Data entry for the OPAL Tree Health Survey is now closed. However, survey resources and identification guides can still be downloaded for free below.
Thank you to all those who took part in the survey!
Survey data submissions can be viewed on the OPAL Data Explorer. In addition, Tree Health Survey data will soon be available for download from the OPAL website.
Trees are vital – bringing nature into urban areas, supporting the rural economy, providing food and habitats for wildlife, and helping to combat climate change.
However, our trees are under threat. The number of pests and diseases attacking them has increased in the last few years.
The best time to complete this survey is between May and September.
How to take part
- Step 1 – Download and print the survey documents in English or in Welsh (ideally in colour).
- Step 2 – Find a site with safe access to one or more broadleaved trees and start surveying.
Learn more about pests and diseases that can affect trees.
- Tree Health Survey Booklet (PDF, 1.8MB)
Survey instructions and information about the most common UK tree species.
- Tree Identification Guide (PDF, 1.2MB)
Recording sheets and information on the pests and diseases to look out for.
- Tree Pest and Disease Identification Guide (PDF, 1.8MB)
Pests and diseases that could pose a serious threat to UK trees.
By downloading this survey you agree to the terms and conditions for the OPAL Tree Health Survey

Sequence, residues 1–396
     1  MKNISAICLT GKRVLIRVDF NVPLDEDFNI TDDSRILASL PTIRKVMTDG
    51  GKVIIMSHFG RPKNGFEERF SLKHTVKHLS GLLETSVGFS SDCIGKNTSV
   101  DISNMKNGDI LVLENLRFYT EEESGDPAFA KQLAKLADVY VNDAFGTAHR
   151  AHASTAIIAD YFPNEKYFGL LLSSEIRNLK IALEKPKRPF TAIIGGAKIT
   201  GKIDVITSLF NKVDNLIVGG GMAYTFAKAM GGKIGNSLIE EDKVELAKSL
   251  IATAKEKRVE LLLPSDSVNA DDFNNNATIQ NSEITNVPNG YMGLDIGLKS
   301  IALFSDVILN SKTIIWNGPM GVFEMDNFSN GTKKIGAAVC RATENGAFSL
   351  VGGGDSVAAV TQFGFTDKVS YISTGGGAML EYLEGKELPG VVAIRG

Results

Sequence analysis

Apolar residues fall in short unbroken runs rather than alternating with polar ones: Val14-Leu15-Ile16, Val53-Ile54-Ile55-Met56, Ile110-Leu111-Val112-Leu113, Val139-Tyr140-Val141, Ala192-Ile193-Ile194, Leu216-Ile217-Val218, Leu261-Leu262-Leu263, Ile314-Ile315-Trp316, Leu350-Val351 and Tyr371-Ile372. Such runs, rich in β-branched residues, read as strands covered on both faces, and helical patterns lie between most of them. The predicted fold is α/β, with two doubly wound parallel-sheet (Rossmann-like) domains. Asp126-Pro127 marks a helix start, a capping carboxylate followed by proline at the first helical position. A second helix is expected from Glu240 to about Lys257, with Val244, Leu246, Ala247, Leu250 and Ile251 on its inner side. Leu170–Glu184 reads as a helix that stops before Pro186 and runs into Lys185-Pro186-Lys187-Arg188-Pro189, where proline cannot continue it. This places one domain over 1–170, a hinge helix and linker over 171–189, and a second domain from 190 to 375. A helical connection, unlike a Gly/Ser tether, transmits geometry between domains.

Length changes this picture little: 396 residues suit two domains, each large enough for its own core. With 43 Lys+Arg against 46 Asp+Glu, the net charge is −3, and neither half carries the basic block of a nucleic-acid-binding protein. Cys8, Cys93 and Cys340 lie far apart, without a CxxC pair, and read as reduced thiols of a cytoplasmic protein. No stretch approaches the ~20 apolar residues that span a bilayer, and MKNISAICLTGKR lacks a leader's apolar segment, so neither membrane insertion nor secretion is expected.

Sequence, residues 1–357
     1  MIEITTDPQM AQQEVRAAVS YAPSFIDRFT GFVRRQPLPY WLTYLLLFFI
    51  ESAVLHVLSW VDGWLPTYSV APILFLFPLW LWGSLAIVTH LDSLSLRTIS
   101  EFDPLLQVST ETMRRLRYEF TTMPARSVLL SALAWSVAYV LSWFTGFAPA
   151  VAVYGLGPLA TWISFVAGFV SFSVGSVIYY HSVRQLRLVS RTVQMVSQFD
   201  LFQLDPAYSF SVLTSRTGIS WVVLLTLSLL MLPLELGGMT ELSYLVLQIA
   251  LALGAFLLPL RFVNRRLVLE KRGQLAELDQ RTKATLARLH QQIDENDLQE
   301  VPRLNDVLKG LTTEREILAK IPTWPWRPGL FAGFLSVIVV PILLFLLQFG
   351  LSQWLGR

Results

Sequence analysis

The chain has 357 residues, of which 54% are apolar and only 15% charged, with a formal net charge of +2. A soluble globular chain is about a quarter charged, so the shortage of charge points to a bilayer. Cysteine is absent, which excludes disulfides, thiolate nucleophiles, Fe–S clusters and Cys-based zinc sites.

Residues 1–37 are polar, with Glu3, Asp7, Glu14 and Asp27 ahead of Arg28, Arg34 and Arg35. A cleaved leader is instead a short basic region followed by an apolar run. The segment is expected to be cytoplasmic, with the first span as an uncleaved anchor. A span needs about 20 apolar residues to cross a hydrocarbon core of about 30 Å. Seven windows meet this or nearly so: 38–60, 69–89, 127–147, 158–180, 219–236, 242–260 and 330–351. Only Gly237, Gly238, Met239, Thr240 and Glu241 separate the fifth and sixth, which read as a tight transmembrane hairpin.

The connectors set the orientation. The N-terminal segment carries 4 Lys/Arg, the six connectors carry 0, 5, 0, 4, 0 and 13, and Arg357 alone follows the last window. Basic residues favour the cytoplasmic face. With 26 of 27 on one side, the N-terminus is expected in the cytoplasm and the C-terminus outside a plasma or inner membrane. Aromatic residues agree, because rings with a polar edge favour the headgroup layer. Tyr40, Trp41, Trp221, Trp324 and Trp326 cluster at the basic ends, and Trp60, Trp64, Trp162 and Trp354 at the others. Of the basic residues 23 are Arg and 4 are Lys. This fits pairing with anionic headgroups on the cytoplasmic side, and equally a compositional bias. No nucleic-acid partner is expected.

- Tree ID guide and poster (PDF, 2.4MB)
A guide for your wall to help you identify common UK tree species.
- Tree Health Survey recording sheet (PDF 177.91 KB)
Easy-to-print (black & white).
Looking for the Welsh language survey pack?
- Visit the Tree Survey page in Welsh.
Group leaders and schools
Download our group leader support guide, example risk assessment, and our new recording sheets for schools.
Note: You may download these documents for use in the context of the OPAL project only. All other rights are reserved.
Did you know?
Knopper galls, which can form on acorns, are caused by a tiny wasp called Andricus quercuscalicis. It arrived in England in the 1950s and has now invaded most of the UK.
A good biosecurity routine can reduce the risk of spreading diseases and invasive species.
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Tree ID guides at your fingertips:
To find out about the action being taken by UK governments and their agencies to protect our trees from pests and diseases, visit: